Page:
His writing portrayed alchemy as a sort of terrestrial astronomy in line with the Hermetic axiom As above so below. Proponents of the supernatural interpretation of alchemy believed that the philosopher's stone might be used to summon and communicate with angels.

Entrepreneurial opportunities were common for the alchemists of Renaissance Europe. Alchemists were contracted by the elite for practical purposes related to mining, medical services, and the production of chemicals, medicines, metals, and gemstones.

Although most of these appointments were legitimate, the trend of pseudo-alchemical fraud continued through the Renaissance.

Betrüger would use sleight of hand, or claims of secret knowledge to make money or secure patronage. Legitimate mystical and medical alchemists such as Michael Maier and Heinrich Khunrath wrote about fraudulent transmutations, distinguishing themselves from the con artists.

The terms "chemia" and "alchemia" were used as synonyms in the early modern period, and the differences between alchemy, chemistry and small-scale assaying and metallurgy were not as neat as in the present day.

There were important overlaps between practitioners, and trying to classify them into alchemists, chemists and craftsmen is anachronistic.

Sendivogious taught his technique to Cornelius Drebbel who, in , applied this in a submarine. Isaac Newton devoted considerably more of his writing to the study of alchemy see Isaac Newton's occult studies than he did to either optics or physics.

Other early modern alchemists who were eminent in their other studies include Robert Boyle , and Jan Baptist van Helmont.

Their Hermeticism complemented rather than precluded their practical achievements in medicine and science.

The decline of European alchemy was brought about by the rise of modern science with its emphasis on rigorous quantitative experimentation and its disdain for "ancient wisdom".

Although the seeds of these events were planted as early as the 17th century, alchemy still flourished for some two hundred years, and in fact may have reached its peak in the 18th century.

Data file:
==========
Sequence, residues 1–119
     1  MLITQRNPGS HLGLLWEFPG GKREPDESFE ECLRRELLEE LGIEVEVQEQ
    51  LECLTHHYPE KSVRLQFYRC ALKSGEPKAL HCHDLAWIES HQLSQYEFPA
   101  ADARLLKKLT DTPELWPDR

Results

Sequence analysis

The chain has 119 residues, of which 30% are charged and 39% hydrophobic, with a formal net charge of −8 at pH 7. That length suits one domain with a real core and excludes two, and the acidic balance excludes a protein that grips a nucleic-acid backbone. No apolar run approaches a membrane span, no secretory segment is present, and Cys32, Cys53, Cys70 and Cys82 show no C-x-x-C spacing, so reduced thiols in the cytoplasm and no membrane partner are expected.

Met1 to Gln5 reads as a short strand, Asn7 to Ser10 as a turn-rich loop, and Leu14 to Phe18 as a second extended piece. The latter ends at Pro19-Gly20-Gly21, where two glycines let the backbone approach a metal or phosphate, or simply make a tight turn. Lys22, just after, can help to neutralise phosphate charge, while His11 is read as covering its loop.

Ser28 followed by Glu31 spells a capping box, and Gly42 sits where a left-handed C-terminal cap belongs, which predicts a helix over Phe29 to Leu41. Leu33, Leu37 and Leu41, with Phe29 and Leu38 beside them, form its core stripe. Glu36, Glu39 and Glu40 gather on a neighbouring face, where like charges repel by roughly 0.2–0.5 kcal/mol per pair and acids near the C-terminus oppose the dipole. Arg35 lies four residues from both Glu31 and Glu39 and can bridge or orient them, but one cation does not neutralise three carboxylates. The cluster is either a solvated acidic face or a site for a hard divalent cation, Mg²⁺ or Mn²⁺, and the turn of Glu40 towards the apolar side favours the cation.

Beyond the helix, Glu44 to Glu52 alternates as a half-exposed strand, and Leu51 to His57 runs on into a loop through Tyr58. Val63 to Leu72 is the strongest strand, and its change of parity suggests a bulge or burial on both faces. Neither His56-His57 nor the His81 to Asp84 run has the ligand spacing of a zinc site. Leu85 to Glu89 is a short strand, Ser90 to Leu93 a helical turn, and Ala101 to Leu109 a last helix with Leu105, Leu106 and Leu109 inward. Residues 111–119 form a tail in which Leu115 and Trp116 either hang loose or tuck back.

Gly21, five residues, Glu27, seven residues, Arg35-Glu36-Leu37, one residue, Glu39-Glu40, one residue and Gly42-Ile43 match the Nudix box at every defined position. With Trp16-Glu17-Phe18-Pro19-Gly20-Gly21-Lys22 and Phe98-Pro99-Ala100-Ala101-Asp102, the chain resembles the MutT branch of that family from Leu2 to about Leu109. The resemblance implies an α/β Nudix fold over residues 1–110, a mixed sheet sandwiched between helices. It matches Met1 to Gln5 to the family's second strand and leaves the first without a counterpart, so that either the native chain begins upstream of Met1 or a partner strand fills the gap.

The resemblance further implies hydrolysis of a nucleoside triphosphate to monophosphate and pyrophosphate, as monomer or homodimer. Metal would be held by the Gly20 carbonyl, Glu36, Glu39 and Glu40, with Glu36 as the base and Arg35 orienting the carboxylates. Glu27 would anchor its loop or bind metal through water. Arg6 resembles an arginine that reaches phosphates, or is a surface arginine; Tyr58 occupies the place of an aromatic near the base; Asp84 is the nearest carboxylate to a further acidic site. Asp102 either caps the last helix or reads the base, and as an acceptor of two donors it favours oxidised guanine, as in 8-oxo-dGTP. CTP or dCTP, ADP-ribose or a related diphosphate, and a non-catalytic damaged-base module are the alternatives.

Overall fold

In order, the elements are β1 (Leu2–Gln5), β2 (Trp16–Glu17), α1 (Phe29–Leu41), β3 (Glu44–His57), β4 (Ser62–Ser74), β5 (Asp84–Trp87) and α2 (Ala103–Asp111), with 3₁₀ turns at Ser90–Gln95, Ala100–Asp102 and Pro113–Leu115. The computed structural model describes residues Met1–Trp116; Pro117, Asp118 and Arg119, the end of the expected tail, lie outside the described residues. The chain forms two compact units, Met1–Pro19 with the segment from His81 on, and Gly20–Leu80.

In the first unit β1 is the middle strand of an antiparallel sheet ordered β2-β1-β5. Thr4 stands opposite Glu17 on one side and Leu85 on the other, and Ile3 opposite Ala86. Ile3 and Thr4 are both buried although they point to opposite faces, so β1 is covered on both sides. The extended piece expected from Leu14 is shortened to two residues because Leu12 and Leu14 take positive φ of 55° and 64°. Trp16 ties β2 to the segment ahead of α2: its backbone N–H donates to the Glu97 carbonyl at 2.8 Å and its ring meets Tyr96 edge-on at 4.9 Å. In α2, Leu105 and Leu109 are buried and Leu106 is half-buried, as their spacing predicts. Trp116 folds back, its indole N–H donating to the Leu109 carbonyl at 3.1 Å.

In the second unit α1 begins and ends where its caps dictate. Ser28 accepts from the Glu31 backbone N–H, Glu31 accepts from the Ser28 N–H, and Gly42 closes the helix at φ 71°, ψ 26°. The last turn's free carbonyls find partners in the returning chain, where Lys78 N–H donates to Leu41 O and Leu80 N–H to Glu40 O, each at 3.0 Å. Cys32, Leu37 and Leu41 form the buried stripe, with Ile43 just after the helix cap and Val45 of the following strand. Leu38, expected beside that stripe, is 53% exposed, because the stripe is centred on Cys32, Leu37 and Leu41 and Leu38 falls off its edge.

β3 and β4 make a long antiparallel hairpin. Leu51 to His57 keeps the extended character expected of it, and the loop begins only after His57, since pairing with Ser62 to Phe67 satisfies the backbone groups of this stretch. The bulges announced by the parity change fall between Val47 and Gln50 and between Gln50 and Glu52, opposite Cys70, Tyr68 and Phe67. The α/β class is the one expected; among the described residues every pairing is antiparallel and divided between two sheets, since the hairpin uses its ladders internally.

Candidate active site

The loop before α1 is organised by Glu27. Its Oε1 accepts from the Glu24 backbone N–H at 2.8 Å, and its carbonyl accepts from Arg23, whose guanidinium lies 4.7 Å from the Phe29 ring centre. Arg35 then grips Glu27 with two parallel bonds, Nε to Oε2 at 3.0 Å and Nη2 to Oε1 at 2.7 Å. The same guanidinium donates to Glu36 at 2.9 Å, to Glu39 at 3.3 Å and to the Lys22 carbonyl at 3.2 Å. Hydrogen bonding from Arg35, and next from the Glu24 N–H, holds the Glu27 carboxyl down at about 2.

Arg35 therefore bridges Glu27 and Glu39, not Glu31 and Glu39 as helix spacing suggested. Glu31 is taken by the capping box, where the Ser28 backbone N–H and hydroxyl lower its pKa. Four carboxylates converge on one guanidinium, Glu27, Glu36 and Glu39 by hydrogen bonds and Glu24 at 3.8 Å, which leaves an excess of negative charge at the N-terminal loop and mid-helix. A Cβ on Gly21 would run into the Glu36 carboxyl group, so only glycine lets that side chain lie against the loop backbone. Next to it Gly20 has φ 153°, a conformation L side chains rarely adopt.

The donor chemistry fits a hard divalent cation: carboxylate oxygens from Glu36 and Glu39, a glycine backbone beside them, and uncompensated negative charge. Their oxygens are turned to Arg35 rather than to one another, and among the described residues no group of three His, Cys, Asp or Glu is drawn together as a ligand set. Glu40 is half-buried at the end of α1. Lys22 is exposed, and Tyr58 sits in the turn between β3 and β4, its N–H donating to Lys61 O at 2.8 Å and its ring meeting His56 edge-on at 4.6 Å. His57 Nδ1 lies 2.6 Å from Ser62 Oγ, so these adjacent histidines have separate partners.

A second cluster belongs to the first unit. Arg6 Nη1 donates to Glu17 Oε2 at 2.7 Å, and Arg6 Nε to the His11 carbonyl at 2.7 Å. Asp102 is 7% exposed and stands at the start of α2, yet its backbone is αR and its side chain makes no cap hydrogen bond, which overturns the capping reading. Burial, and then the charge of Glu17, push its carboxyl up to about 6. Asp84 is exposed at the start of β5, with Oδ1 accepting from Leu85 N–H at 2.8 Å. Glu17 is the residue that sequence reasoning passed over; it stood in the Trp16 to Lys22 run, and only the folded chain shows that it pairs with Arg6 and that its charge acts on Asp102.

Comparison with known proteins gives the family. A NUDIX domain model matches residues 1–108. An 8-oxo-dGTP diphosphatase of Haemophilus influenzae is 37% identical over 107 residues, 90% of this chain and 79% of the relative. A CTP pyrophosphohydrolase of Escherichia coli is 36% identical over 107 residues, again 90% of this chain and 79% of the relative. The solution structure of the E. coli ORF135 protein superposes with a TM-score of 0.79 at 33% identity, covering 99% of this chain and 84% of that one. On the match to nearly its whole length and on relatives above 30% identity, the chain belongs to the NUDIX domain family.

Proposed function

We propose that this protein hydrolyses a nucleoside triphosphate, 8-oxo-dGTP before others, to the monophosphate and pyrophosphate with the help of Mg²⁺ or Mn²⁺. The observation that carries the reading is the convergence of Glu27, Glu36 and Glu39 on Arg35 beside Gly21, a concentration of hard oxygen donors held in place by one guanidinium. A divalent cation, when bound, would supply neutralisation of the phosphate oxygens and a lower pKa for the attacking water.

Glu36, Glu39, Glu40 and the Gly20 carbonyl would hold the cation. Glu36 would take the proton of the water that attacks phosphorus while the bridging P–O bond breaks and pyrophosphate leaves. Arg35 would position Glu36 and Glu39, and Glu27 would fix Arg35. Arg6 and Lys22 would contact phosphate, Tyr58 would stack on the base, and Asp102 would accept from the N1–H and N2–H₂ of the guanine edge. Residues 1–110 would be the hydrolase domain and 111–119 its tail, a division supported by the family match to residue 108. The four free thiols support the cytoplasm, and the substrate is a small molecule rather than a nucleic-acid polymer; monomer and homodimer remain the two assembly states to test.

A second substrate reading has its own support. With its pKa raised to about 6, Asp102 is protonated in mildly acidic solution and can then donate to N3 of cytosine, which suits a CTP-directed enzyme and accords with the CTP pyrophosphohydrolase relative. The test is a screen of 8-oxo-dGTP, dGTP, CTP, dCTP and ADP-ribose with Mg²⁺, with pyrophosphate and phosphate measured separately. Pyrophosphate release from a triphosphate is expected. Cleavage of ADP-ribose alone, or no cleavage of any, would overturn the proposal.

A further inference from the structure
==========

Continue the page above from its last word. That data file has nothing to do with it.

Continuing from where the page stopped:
As late as James Price claimed to have produced a powder that could transmute mercury into silver or gold. Early modern European alchemy continued to exhibit a diversity of theories, practices, and purposes: "Scholastic and anti-Aristotelian, Paracelsian and anti-Paracelsian, Hermetic, Neoplatonic, mechanistic, vitalistic, and more—plus virtually every combination and compromise thereof.

Robert Boyle — pioneered the scientific method in chemical investigations. He assumed nothing in his experiments and compiled every piece of relevant data.

Boyle would note the place in which the experiment was carried out, the wind characteristics, the position of the Sun and Moon, and the barometer reading, all just in case they proved to be relevant.

Beginning around , a rigid distinction began to be drawn for the first time between "alchemy" and "chemistry". This move was mostly successful, and the consequences of this continued into the 19th, 20th and 21st centuries.

During the occult revival of the early 19th century, alchemy received new attention as an occult science. In the 19th-century revival of alchemy, the two most seminal figures were Mary Anne Atwood and Ethan Allen Hitchcock , who independently published similar works regarding spiritual alchemy.

Both forwarded a completely esoteric view of alchemy, as Atwood claimed: "No modern art or chemistry, notwithstanding all its surreptitious claims, has any thing in common with Alchemy.

Hitchcock, in his Remarks Upon Alchymists attempted to make a case for his spiritual interpretation with his claim that the alchemists wrote about a spiritual discipline under a materialistic guise in order to avoid accusations of blasphemy from the church and state.

In , Baron Carl Reichenbach , published his studies on Odic force , a concept with some similarities to alchemy, but his research did not enter the mainstream of scientific discussion.

In his lineage, many researchers, including Emmanuel and Charles d'Hooghvorst, are updating alchemical studies in France and Belgium. Several women appear in the earliest history of alchemy.

Michael Maier names Mary the Jewess , Cleopatra the Alchemist , Medera , and Taphnutia as the four women who knew how to make the philosopher's stone.

The first alchemist whose name we know is said to have been Mary the Jewess c. The laboratory water-bath, known eponymously especially in France as the bain-marie , is said to have been invented or at least improved by her.

The tribikos a modified distillation apparatus and the kerotakis a more intricate apparatus used especially for sublimations are two other advancements in the process of distillation that are credited to her.

Due to the proliferation of pseudepigrapha and anonymous works, it is difficult to know which of the alchemists were actually women.

After the Greco-Roman period, women's names appear less frequently in the alchemical literature. Women vacate the history of alchemy during the medieval and renaissance periods, aside from the fictitious account of Perenelle Flamel.

Mary Anne Atwood 's A Suggestive Inquiry into the Hermetic Mystery marks their return during the nineteenth-century occult revival.

The history of alchemy has become a significant and recognized subject of academic study. A large collection of books on alchemy is kept in the Bibliotheca Philosophica Hermetica in Amsterdam.